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Tardif — Brûlez les meubles / Tour de Bras TDB900058CD

A musical entrepreneur wearing several hats, Éric Normand leads an improvising collective in his home town of Rimouski, a.k.a. the GGRIL, organizes experimental music events, manages a label (Tour de Bras) and plays bass in a wide array of musical settings—including jazz, as is the case here. Aside from himself and guitarist Louis Beaudoin-de la Sablonnière, he has collared both saxophonist Jean Derome and drummer John Hollenbeck in this, their first-time encounter. The team performs a set of nine originals from all members except the drummer, and throws in one cover written by trombonist Albert Mangelsdorff (A Jazz Tune I Hope). The pieces are rather short, so no one really has the time to stretch out. Still, the music shows how today’s contemporary jazz has a voice of its own and need not pay lip service to past styles to be convincing.

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Artifact — Kate Wyatt /  Self-produced

Adorning the cover of this album is the long blonde mane of Kate Wyatt, a pianist and composer making her debut here at the helm of a quartet comprising bassist Adrian Vedady (her life partner), drummer Jim Doxas and trumpeter Lex French. In a little under an hour, this team covers six of Wyatt’s originals and one by Billy Strayhorn (A Flower is a Lovesome Thing). The will to stretch the music out a little more than what usually happens in the confines of a studio enhances the listening experience. Stylistically, the music is within the parameters of the mainstream jazz idiom, but everybody is well invested within this well-crafted musical undertaking. While a degree of innovation or daring is a welcome asset in any musical performance, live or on record, what counts above all else is to mean what you play and play what you mean, hence to be true to your vision while conveying your intentions to the listener in the most convincing way.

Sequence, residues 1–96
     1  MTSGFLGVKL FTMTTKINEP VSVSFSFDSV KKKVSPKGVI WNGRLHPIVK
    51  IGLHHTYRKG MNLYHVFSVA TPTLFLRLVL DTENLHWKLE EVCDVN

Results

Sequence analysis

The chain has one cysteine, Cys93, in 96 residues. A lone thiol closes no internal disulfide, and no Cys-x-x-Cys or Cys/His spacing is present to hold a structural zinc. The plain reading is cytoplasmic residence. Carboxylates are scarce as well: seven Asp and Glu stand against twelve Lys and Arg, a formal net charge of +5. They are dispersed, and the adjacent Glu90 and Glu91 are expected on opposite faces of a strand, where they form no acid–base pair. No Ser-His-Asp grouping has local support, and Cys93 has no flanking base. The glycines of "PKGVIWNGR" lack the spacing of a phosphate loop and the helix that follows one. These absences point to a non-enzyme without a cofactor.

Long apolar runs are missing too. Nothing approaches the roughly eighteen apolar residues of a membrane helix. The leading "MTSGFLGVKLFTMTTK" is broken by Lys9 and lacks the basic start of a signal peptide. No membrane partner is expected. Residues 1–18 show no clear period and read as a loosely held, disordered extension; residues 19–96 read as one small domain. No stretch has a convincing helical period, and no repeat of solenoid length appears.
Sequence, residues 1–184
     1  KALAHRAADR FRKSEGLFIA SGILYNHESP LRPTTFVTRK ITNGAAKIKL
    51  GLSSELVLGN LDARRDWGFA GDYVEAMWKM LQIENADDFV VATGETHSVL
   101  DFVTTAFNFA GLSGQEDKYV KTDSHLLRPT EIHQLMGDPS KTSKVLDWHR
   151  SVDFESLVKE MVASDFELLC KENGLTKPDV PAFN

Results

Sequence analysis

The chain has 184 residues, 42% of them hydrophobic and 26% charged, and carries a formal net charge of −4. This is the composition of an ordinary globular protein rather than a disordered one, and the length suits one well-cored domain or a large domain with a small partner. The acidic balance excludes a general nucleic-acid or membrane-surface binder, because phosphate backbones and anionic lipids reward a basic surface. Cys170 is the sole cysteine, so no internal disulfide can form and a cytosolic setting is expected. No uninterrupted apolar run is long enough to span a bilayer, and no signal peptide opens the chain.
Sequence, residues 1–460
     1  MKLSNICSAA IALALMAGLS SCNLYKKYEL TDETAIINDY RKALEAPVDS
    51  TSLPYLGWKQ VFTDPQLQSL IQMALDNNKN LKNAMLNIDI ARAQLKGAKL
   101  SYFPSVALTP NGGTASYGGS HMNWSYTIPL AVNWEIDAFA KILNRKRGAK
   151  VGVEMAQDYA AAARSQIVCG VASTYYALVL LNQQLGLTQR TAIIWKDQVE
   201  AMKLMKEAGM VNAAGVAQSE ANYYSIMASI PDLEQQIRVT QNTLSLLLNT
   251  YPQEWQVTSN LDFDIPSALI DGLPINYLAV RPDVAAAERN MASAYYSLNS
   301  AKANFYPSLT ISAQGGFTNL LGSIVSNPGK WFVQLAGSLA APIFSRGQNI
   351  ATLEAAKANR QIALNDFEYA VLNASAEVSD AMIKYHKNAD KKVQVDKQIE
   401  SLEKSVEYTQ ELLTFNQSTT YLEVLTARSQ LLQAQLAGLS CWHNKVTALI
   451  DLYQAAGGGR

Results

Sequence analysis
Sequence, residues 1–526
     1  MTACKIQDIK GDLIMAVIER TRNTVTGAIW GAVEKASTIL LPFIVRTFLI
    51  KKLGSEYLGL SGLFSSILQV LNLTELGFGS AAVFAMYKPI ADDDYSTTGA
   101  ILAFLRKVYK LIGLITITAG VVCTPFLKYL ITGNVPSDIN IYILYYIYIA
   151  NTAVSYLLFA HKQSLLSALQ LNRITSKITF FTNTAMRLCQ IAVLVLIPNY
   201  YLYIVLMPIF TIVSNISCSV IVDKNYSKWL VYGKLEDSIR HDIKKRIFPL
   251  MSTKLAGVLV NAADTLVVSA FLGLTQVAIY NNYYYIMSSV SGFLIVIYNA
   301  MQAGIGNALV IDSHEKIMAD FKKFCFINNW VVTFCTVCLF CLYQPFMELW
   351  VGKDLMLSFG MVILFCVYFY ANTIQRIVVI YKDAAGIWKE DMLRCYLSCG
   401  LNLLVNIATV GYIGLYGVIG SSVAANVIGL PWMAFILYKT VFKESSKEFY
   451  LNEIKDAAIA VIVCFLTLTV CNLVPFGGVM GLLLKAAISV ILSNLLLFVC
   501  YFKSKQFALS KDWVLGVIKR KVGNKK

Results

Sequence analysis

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About Author

Marc Chénard is a Montreal-based multilingual music journalist specialized in jazz and improvised music. In a career now spanning some 30 years, he has published a wide array of articles and essays, mainly in Canada, some in the United States and several in Europe (France, Belgium, Germany and Austria). He has travelled extensively to cover major festivals in cities as varied as Vancouver and Chicago, Paris and Berlin, Vienna and Copenhagen. He has been the jazz editor and a special features writer for La Scena Musicale since 2002; currently, he also contributes to Point of Departure, an American online journal devoted to creative musics. / / Marc Chénard est un journaliste multilingue de métier de Montréal spécialisé en jazz et en musiques improvisées. En plus de 30 ans de carrière, ses reportages, critiques et essais ont été publiés principalement au Canada, parfois aux États-Unis mais également dans plusieurs pays européens (France, Belgique, Allemagne, Autriche). De plus, il a été invité à couvrir plusieurs festivals étrangers de renom, tant en Amérique (Vancouver, Chicago) que Outre-Atlantique (Paris, Berlin, Vienne et Copenhangue). Depuis 2012, il agit comme rédacteur atitré de la section jazz de La Scena Musicale; en 2013, il entame une collabortion auprès de la publication américaine Point of Departure, celle-ci dédiée aux musiques créatives de notre temps.